Image from page 35 of "Cotton, its cultivation, marketing, manufacture, and the problems of the cotton world" (1906)
Publisher: New York, Doubleday, Page
Contributing Library: The Library of Congress
Digitizing Sponsor: Sloan Foundation
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..^ yt^jM.^* .,^- ¥: Kj^L3 >3<5^y)^ ^rionH^S^. - o 6 Xi/^/zcXt/w *i^^. A MONARCH THAT BROOKS NO RIVALS. Our cotton exports exceed in value all other exports combined—the total valueof all other products from every American farm, ranch, dairy, fruit farm, stock farm,and garden, North, South, East and West.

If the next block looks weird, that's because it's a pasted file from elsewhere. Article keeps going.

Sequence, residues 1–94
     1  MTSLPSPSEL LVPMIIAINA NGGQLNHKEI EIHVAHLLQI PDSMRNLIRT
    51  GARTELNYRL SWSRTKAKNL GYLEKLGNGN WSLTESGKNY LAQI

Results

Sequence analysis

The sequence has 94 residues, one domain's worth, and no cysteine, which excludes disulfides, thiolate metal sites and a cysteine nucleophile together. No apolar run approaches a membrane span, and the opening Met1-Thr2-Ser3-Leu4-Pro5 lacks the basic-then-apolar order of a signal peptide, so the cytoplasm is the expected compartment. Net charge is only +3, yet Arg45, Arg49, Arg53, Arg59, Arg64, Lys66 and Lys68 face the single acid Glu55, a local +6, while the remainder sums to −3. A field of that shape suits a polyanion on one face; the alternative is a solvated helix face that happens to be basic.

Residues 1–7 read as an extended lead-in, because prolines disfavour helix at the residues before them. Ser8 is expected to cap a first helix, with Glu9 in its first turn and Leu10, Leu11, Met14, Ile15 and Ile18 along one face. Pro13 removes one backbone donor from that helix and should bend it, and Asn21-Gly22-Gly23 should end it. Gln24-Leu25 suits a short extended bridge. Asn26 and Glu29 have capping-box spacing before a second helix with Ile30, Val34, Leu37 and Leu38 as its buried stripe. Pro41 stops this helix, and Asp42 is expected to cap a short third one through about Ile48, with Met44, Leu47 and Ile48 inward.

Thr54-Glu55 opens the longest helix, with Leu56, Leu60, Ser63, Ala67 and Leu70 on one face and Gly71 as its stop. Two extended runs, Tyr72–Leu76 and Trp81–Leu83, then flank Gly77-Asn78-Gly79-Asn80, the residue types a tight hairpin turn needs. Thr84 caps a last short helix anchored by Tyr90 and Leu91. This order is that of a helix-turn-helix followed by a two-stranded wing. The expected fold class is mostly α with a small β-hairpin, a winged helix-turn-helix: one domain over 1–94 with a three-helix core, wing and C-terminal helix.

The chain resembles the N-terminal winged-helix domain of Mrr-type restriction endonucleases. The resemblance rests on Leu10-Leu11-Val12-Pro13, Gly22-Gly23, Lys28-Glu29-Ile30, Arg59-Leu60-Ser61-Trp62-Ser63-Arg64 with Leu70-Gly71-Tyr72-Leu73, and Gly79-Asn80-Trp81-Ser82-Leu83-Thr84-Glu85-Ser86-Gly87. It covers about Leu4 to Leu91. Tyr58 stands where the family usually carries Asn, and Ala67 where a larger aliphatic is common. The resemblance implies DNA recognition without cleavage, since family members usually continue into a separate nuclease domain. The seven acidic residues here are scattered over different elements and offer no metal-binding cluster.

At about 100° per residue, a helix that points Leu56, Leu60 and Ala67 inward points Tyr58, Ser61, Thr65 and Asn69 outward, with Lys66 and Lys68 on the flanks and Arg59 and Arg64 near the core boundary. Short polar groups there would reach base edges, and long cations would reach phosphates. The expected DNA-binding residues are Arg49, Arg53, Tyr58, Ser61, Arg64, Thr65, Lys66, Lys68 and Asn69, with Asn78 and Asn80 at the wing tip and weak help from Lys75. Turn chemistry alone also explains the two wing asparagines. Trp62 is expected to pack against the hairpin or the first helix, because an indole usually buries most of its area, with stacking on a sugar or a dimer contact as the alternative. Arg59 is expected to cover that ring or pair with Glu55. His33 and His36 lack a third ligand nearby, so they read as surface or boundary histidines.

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IAKI OF ULR .15410,000,000 IN COTTON EXPORT VALUES An ocean steamer taking on three bales of compressed cotton for export toEnglish mills. COTTON 17 THE BEGINNING OF ENGLAND^S GREATEST INDUSTRY Our English ancestors, late in taking up the man-ufacture of cotton, even after beginning it allowedthe industry to grow slowly. Spinning was done onthe distaff, or at best on the one-thread spinning-wheel; and for weaving the hand-loom had knownbut little improvement since the days of the Caes-ars. Nor was there any kind of co-operation,any division of labor; each individual family at-tempted to carry on the entire process of spinningand weaving the cloth. But about 1760 we see the beginnings of a revolu-tion. The Manchester merchants then began tofurnish cotton and linen yarn to weavers, payinga fixed price for spinning and weaving the product—and so the industry, hitherto primitive and cha-otic, began for the first time to take shape as a defin-ite, well-planned organization. Very soon aft
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